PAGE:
Here is our list of the best bookkeeping basics.
Bookkeeping basics are the keys to effective financial management, which provide a clear picture of a company’s finances. Examples include the role of a bookkeeper, different bookkeeping systems, and common mistakes to avoid. The purpose of this guide is to ensure that bookkeepers are well-equipped with the knowledge to succeed in the role.
This list includes:
- basic accounting principles
- step-by-step bookkeeping
- small business bookkeeping
- online bookkeeping tools
- best practices in bookkeeping
- accounting services
Let’s get started!
Bookkeeping is defined as the process of tracking and recording a company’s financial transactions. Bookkeepers must organize these transactions into different accounts on a daily basis. While this is a crucial task for all businesses, 21% of small business owners admit to not knowing enough about bookkeeping.
Whether you are new to the industry or are looking to sharpen your skills, here is our guide that covers the basics of bookkeeping.
Bookkeeping 101: The basics
Bookkeeping begins the moment a transaction is completed via an invoice, sales receipt, or expense report. Any time a company makes a financial transaction, it must be recorded promptly and accurately – and this is where bookkeepers come in. Professionals in this role are tasked with recording, classifying, tracking, and organizing the finances of a company. Additionally, bookkeepers are also responsible for creating financial reports and managing cash flow, among a plethora of other responsibilities.
At its core, bookkeeping is all about keeping track of and maintaining accurate records of a business’s finances. However, many aspects form the foundation of the profession.
Here is a breakdown of some basic tasks that new and experienced bookkeepers should keep in mind:
- Choosing the right bookkeeping system and method
- Recording transactions accurately
- Reconciling accounts consistently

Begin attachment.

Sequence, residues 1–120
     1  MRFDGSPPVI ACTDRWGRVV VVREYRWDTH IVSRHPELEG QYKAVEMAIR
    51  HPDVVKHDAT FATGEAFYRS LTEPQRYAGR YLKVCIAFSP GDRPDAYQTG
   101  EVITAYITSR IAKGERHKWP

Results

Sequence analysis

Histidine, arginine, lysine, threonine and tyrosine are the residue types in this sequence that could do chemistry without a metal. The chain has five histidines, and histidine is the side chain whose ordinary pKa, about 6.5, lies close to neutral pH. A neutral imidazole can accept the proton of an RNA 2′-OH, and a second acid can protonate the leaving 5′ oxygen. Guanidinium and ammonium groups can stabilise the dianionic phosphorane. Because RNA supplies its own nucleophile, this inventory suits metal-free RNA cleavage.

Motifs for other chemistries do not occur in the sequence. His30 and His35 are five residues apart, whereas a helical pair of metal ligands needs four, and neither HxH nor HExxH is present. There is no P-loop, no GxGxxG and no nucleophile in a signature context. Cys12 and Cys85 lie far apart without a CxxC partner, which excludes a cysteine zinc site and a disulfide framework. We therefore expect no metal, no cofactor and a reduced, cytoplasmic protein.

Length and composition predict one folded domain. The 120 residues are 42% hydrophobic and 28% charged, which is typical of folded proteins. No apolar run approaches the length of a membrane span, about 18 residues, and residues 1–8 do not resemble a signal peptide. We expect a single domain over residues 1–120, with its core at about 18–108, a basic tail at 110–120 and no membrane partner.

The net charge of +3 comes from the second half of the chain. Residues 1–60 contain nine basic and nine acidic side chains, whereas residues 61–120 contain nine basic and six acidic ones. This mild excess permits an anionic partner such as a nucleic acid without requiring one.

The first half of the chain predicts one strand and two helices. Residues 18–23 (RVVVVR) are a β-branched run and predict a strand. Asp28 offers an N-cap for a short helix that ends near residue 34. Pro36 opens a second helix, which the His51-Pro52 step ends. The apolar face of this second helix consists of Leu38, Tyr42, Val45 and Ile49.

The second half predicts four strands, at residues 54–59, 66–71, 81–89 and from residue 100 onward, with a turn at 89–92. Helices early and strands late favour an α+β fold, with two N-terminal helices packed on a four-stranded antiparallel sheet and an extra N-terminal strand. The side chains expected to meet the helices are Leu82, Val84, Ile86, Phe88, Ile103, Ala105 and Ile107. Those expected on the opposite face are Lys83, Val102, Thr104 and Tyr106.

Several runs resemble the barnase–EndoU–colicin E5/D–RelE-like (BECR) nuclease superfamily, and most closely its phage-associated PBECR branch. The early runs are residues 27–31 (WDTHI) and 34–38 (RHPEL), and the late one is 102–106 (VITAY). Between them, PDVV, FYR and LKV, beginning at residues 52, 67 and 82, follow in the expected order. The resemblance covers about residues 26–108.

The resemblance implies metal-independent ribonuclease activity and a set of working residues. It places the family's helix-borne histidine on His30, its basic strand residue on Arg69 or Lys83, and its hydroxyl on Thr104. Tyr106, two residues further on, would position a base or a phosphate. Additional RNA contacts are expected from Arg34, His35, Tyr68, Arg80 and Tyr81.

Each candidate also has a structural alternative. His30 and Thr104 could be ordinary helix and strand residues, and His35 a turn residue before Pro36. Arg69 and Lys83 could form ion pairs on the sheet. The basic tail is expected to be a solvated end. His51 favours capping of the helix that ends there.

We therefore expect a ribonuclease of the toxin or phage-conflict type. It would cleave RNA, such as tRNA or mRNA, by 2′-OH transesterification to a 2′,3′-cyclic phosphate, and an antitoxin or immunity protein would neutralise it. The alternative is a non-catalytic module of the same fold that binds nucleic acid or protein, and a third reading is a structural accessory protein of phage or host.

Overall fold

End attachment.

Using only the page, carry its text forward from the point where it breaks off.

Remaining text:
- Creating detailed financial reports
- Ensuring tax compliance
- Choosing the right software and/or tools
Mastering the basics of bookkeeping can help professionals in the field provide top-notch services that allow them to excel in the role.
Bookkeeping vs accounting
Not to be confused with accounting, bookkeepers record the entirety of a company’s financial transactions. The two professions do, however, go hand-in-hand. An accountant’s role focuses on accounting services like interpreting and analyzing the data provided by bookkeepers.
Although the two jobs may seem similar at a glance, there are many differences between bookkeeping and accounting. Bookkeepers focus on recording, organizing, and categorizing day-to-day financial transactions. The objective of bookkeeping is to establish an accurate record of a company’s financial activities while providing a clear reflection of its financial standing.
Accountants, on the other hand, are tasked with interpreting the information and data provided by bookkeepers. Individuals in an accounting role use this data to perform complex financial analyses that enable strategic decision-making based on a company’s financial state.
Essential bookkeeping terms to know
Bookkeeping can be confusing for beginners. There are so many terms and acronyms to keep up with in the industry. Knowing these basic accounting principles, however, is one key to success in the role.
Here are some of the most common bookkeeping terms to remember:
- Accounts payable: The money a company owes to its suppliers or vendors for goods or services that have been received.
- Accounts receivable: The money that customers owe to a company for goods or services that have been provided.
- Balance sheet: A detailed report and financial statement that reflects a company’s assets, liabilities, and capital at a certain point in time.
- Income statement: A financial statement that summarizes a company’s revenue and expenses over a specific timeframe.
- General ledger: Serves as the main record of a company’s financial accounts, including assets, liabilities, equity, expenses, and income or revenue.
- Trial balance: A detailed report that lists all the accounts in a company’s ledger as well as their balances.
Knowing and understanding these terms can help professionals in the field, as well as aspiring bookkeepers, keep a company’s financial records accurate, organized, and up-to-date.
The role of a bookkeeper
To put it simply, bookkeepers are responsible for maintaining accurate financial records for a company. These professionals perform important tasks like general ledger entries and monthly financial reporting.